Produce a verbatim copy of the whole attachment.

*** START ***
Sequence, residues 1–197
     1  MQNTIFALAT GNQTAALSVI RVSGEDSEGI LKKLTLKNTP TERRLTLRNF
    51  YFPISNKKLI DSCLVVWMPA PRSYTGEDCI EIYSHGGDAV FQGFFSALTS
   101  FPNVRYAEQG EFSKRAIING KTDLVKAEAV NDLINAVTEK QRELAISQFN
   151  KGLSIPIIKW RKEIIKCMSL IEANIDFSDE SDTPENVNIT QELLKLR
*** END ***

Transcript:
Sequence, residues 1–197
     1  MQNTIFALAT GNQTAALSVI RVSGEDSEGI LKKLTLKNTP TERRLTLRNF
    51  YFPISNKKLI DSCLVVWMPA PRSYTGEDCI EIYSHGGDAV FQGFFSALTS
   101  FPNVRYAEQG EFSKRAIING KTDLVKAEAV NDLINAVTEK QRELAISQFN
   151  KGLSIPIIKW RKEIIKCMSL IEANIDFSDE SDTPENVNIT QELLKLR